While this colorful, pictorial map began as a quintessential representation of American folklore and culture, it later became embroiled in the anti-communist campaign fueled by Joseph McCarthy. The map was created by artist William Gropper (1897-1977), who made propaganda posters and paintings for the U.S. Treasury Department and the Office of War Information during World War II. In 1945, Gropper made the painting on which this pictorial map was based, which was subsequently printed and published by Associate American Artists as part of a series of three lithographic maps. The map was quite popular and was re-issued in smaller editions in the New York Times, Life, and other journals, including this example from Holiday Magazine. In 1946, the State Department’s Overseas Library Program purchased around 1,700 copies of the map to distribute abroad in an attempt to promote the perception of the United States as a welcoming and free land. Indeed the map was quite popular stateside as well, used by teachers and librarians to teach American literature and culture. The map depicts 61 U.S. legends and literary heroes, each carefully labeled, including Daniel Boone, Johnny Appleseed, Paul Bunyon and Babe the Blue Ox, Calamity Jane, Wild Pecos Bill, and even Brer Rabbit. The characters are superimposed on a map of the continental United States with only faint boundary lines between states.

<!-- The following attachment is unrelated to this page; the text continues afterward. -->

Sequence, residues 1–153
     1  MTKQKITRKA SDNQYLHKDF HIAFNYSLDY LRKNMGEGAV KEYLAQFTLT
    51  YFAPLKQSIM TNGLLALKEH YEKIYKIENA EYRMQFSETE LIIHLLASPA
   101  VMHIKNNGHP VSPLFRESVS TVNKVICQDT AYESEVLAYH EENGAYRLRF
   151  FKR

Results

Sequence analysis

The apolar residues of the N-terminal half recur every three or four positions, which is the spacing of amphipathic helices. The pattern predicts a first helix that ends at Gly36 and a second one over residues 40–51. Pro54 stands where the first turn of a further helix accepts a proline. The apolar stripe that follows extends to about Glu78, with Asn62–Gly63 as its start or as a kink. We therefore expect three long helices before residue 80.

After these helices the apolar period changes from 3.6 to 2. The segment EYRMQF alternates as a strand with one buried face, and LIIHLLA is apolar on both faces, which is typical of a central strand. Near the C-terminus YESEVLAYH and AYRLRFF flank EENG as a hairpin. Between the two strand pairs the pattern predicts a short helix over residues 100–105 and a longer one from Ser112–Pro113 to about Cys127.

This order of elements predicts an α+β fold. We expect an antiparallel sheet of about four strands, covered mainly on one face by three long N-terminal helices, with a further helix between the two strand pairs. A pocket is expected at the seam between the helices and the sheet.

The whimsical and pro-American sentiment of the map were later questioned during the "red scare" post-World War II. In 1953, Gropper was subpoenaed to appear before the Senate Permanent Subcommittee on Investigations regarding his alleged communist ties. Although Gropper, a son of Jewish immigrants from Romania and Ukraine, had spend time in the Soviet Union and had contributed artwork to several communist publications, he was never formally a member of the Communist Party. When questioned by the committee, he invoked the Fifth Amendment and was deemed a Communist. Both Gropper and his works were deemed un-American, and the State Department destroyed their remaining copies of his folklore map.
On verso is an article about Gropper and his map by Robert J. Cadigan, in which he quotes Gropper as saying, "For years this fellow Gropper has been going around searching for the truth like old Diogenes - with a lantern in one hand. In the other he has carried a brush by way of a lance to tilt with evils, and often he has gotten it in the neck - just like Don Quixote."
References: PJ Mode Collection #1332.
Clean and colorful with a minor crease and a tiny repaired edge tear both at bottom left. Printed in two halves with a gutter at center and small binding holes.